Most people, if offered a choice between taking a pill or changing their diet, for sake of improved metabolic health … they’d probably opt for the drug.
And, as University of Sydney researchers advise: “There has been a huge effort to discover drugs aimed at improving metabolic health and ageing without requiring a change in diet.”
One reason behind this huge effort is that extensive public messaging around the lifestyle changes necessary to avoid chronic disease have largely fallen flat.
Thank goodness for drugs, eh?
Not so much.
New research from Sydney’s Charles Perkins Centre suggests “the makeup of our diet could be more powerful than drugs in keeping conditions like diabetes, stroke and heart disease at bay”.
In other words, a healthy diet trumps pharmaceuticals.
The complex study, done in mice, compared the effect of 40 different treatments on the inner workings of our cells.
In the treatments, nutrition was varied – including the amount of calories and the rations of macronutrients – as were the doses of three anti-ageing drugs.
“We discovered dietary composition had a far more powerful effect than drugs, which largely dampened responses to diet rather than reshaped them,” said Professor Stephen Simpson, senior author and academic director of the Charles Perkins Centre.
“Given humans share essentially the same nutrient-signalling pathways as mice, the research suggests people would get better value from changing their diet to improve metabolic health rather than taking the drugs we studied.”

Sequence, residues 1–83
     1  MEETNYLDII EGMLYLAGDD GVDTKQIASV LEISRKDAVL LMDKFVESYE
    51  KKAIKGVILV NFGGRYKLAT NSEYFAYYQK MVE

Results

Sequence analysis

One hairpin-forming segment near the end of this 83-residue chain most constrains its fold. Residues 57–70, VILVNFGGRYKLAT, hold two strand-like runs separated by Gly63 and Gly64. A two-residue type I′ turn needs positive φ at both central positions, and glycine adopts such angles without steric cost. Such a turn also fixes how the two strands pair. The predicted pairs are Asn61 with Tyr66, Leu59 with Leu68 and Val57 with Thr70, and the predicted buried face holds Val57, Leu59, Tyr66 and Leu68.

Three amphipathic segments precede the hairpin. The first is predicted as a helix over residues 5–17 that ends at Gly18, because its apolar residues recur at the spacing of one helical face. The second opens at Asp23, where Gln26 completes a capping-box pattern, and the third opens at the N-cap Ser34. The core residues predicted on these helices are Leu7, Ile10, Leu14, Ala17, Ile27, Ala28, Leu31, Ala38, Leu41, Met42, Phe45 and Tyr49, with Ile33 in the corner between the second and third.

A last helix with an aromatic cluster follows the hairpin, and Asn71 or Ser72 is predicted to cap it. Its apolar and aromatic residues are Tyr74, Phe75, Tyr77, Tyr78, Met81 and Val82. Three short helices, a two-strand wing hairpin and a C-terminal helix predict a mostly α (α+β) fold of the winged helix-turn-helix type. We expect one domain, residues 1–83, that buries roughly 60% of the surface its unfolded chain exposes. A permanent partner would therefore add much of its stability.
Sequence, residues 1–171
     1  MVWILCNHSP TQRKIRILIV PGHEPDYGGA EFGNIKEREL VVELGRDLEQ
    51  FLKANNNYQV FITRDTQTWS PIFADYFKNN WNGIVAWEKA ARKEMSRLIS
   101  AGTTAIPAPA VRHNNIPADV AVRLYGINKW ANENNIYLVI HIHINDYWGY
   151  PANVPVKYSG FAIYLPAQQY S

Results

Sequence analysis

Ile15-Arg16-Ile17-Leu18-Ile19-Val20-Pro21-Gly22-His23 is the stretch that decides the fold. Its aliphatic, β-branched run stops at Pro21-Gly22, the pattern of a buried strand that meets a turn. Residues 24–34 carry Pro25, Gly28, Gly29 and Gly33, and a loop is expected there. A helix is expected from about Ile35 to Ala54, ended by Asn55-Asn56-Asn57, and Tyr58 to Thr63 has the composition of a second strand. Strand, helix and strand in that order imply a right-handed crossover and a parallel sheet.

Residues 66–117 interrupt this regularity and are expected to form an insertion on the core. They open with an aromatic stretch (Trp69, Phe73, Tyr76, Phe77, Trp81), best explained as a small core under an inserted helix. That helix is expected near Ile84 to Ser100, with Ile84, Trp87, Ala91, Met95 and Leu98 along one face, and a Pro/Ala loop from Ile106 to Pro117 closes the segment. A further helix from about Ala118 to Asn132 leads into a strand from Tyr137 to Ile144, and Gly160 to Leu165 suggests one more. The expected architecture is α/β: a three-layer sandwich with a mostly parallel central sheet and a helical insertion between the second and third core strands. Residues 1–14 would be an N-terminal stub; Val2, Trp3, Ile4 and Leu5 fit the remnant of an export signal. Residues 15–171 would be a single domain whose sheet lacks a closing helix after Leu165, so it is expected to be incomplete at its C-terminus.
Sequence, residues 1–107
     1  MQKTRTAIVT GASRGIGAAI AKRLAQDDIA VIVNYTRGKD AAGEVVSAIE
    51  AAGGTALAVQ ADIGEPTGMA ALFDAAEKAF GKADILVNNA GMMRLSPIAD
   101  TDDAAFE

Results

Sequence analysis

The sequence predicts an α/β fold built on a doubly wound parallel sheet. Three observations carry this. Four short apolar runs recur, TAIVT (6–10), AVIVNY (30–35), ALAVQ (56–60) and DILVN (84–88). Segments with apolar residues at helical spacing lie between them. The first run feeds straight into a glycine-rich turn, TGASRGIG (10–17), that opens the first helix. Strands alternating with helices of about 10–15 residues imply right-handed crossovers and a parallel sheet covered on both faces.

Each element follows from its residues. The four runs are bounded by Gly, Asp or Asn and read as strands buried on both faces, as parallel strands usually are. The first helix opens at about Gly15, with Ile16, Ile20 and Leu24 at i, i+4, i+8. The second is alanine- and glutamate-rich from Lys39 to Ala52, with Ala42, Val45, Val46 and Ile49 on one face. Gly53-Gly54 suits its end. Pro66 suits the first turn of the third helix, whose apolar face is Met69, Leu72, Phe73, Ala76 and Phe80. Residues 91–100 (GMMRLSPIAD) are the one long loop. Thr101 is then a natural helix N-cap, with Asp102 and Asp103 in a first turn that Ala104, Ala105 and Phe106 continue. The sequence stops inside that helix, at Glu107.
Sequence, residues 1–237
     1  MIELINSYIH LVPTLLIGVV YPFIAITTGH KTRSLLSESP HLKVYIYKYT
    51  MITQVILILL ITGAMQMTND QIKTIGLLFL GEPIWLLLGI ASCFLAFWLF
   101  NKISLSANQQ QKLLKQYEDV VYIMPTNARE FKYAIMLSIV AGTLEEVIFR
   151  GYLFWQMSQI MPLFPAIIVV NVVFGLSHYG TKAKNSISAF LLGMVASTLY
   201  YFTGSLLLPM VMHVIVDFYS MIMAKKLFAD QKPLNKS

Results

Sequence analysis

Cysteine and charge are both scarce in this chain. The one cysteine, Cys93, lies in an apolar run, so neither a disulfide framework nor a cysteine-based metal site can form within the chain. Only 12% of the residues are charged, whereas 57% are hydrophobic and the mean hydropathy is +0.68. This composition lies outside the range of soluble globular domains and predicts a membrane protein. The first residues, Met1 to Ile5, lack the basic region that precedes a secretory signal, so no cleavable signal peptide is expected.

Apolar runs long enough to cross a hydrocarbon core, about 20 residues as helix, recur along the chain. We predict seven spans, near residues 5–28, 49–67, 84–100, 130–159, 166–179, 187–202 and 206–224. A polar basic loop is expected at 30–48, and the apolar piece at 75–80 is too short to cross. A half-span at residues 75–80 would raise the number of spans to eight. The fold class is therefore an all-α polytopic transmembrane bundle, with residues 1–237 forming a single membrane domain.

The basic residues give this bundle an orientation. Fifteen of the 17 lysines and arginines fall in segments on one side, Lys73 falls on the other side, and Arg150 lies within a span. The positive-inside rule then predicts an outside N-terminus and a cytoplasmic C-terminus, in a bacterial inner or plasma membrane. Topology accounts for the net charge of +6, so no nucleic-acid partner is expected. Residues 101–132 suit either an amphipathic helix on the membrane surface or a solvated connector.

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The drugs studied were metformin (standard treatment for type 2 diabetes), rapamycin (a compound used to coat coronary stents and prevent organ transplant rejection that has emerged as an anti-ageing drug), and resveratrol (also emerging as an anti-ageing drug).
Macronutrients are the basic food group of proteins, fats and carbohydrates – and varying ratios of these in the diet has become a popular way of managing weight.
The strength of the study came from using a ‘nutritional geometry’ framework that was developed by Professor Simpson and his colleague Professor David Raubenheimer.
The framework enables the researchers “to plot foods, meals, diets and dietary patterns together based on their nutrient composition, and this helps researchers to observe otherwise overlooked patterns in the links between certain diets, health and disease”.
This makes for a highly sophisticated study “instead of focusing on a single nutrient, which is a limitation in other nutrition studies”.
The study built on previous work by these researchers that demonstrated – in mice and humans – the “protective role of diet and specific combinations of proteins, fats and carbohydrates against ageing, obesity, heart disease, immune dysfunction and risk of metabolic diseases, such as type 2 diabetes”.
The difference between drugs and nutrients
Protein and total calorie intake was found to have a particularly powerful effect on metabolic pathways – these are the series of linked chemical reactions that convert raw nutrients into more useful substances.
But they were also found to affect the “fundamental processes that control the way our cells function”.
For example, the amount of protein eaten influenced activity in the mitochondria, which are the powerhouse component of cells that produce energy.
This creates a downstream effect, “as the amount of protein and dietary energy eaten influences how accurately cells translate their genes into the different proteins needed to help cells function properly and to make new cells”.
These two fundamental processes are linked to ageing.
In comparison, the drugs mainly acted to dampen the cell’s metabolic response to diet, rather than fundamentally reshaping them.